1827 ENGLISH POETRY 1579-1830: SPENSER AND THE TRADITION

William Gifford

Walter Scott, 17-18 January 1827; The Journal of Sir Walter Scott, 1825-32 (1891) 340-42.



I observe in the papers my old friend Gifford's funeral. He was a man of rare attainments and many excellent qualities. The translation of Juvenal is one of the best versions ever made of a classical author, and his satire of the Baviad and Maeviad squabashed at one blow a set of coxcombs who might have humbugged the world long enough. As a commentator he was capital, could he but have suppressed his rancours against those who had preceded him in the task; but a misconstruction or a misinterpretation, nay, the misplacing of a comma, was, in Gifford's eyes, a crime worthy of the most severe animadversion. The same fault of extreme severity went though his critical labours, and in general he flagellated with so little pity, that people lost their sense of the criminal's guilt in dislike of the savage pleasure which the executioner seemed to take in inflicting punishment. This lack of temper probably arose from indifferent health....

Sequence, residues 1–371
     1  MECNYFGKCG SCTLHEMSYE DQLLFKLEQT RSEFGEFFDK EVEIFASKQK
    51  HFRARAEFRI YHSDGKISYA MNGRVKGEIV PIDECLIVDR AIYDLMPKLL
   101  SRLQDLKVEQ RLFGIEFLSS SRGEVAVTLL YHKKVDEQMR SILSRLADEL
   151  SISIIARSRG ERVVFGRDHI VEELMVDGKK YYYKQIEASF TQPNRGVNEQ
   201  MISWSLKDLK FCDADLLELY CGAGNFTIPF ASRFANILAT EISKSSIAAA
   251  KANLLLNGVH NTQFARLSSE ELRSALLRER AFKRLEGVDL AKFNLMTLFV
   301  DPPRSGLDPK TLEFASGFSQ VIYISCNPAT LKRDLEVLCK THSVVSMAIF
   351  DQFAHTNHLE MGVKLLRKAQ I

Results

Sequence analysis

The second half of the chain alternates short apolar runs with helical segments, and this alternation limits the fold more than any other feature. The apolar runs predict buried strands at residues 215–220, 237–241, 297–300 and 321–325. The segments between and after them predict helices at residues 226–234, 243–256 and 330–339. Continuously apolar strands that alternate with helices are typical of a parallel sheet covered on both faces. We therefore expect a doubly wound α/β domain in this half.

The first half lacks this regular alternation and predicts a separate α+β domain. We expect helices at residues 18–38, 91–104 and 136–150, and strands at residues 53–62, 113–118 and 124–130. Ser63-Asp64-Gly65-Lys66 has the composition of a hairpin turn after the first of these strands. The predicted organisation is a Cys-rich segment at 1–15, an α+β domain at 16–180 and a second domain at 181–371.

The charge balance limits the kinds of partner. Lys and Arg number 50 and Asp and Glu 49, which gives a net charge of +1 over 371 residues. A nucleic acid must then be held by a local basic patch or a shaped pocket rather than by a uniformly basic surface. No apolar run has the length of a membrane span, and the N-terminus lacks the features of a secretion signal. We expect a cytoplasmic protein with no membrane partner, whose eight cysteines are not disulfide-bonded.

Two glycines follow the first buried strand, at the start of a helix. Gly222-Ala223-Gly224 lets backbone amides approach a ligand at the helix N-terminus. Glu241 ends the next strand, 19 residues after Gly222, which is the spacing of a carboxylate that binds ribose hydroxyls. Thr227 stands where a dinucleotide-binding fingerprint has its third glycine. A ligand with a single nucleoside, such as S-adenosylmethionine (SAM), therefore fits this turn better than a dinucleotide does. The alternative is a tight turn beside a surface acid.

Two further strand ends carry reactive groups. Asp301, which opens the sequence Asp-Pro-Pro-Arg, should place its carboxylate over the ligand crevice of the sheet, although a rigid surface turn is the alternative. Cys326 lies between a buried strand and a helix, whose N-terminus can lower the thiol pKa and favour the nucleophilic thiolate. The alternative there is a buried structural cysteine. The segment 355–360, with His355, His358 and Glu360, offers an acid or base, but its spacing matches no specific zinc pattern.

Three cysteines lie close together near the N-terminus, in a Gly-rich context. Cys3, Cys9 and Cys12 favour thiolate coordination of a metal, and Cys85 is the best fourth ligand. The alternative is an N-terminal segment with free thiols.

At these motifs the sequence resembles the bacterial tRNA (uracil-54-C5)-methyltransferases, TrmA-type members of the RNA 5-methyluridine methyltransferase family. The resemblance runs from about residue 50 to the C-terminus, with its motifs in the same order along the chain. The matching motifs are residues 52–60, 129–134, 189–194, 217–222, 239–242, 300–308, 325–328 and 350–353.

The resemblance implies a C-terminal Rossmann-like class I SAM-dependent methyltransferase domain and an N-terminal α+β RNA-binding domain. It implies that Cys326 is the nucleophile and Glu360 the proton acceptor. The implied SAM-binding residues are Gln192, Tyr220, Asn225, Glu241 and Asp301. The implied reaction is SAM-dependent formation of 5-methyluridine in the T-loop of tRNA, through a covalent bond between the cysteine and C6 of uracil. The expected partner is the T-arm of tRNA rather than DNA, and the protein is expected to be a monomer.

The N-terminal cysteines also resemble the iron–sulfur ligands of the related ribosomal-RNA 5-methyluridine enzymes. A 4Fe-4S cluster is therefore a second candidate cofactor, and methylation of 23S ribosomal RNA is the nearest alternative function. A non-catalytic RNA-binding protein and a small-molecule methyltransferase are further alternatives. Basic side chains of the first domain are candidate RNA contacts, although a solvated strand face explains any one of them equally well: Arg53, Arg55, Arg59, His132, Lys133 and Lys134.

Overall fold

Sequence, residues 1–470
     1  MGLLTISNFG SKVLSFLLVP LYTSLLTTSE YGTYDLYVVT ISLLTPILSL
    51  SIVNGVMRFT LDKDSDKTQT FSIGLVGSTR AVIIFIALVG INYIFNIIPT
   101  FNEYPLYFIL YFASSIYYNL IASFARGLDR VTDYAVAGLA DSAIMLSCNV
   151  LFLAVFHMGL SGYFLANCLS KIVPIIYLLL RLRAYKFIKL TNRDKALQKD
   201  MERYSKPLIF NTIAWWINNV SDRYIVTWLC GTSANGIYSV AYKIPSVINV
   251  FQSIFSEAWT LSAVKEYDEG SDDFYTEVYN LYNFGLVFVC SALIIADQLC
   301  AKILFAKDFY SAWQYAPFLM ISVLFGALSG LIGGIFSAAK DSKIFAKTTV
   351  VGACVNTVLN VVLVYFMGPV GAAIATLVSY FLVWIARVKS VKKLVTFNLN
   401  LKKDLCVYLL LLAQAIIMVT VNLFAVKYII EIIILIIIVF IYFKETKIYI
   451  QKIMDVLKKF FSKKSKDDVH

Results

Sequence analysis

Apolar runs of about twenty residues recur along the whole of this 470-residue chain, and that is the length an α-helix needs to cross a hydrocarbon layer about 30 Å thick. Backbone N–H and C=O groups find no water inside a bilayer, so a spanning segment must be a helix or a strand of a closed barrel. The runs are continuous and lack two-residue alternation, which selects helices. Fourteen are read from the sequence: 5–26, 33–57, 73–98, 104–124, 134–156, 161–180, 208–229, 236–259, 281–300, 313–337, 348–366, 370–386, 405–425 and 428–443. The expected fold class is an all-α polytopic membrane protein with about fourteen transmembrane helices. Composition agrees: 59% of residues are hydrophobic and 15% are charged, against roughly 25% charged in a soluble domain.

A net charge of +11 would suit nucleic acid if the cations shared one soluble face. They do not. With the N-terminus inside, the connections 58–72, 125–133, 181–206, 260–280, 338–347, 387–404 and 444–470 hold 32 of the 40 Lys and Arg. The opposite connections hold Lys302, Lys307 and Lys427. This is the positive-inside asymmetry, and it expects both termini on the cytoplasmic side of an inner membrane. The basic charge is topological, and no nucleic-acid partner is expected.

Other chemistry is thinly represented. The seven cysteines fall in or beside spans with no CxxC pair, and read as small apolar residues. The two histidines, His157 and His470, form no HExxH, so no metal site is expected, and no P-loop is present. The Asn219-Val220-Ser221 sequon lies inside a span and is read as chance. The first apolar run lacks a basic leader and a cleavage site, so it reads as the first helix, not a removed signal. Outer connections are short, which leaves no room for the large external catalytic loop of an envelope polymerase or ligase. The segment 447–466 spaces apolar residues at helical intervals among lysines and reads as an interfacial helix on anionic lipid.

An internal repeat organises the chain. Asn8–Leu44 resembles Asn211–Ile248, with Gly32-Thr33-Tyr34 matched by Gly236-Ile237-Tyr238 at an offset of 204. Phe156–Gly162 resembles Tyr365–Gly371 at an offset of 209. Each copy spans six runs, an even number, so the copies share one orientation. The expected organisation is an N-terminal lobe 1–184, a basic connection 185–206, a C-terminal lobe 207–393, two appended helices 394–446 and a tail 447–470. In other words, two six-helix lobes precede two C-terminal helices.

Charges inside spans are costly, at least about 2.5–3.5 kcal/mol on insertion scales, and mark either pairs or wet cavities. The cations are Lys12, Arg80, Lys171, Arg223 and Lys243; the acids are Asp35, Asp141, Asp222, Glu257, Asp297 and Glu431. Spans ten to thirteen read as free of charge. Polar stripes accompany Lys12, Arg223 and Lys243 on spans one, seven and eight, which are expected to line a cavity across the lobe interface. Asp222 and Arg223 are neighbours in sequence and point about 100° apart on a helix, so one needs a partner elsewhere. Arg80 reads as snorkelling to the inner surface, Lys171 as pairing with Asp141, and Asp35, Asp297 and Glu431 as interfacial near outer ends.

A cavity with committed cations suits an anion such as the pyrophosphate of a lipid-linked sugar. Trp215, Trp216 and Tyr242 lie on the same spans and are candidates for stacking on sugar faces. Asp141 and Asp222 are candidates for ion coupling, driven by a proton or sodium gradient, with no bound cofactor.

Gifford was a little man, dumpled up together, and so ill-made as to seem almost deformed, but with a singular expression of talent in his countenance. Though so little of an athlete, he nevertheless beat off Dr. Wolcot, when that celebrated person, the most unsparing calumniator of his time, chose to be offended with Gifford for satirizing him in his turn. Peter Pindar made a most vehement attack, but Gifford had the best of the affray, and remained, I think, in triumphant possession of the field of action, and of the assailant's cane. Gifford had one singular custom. He used always to have a duenna of a housekeeper to sit in his study with him while he wrote. This female companion died when I was in London, and his distress was extreme. I afterwards heard he got her place supplied. I believe there was no scandal in all this.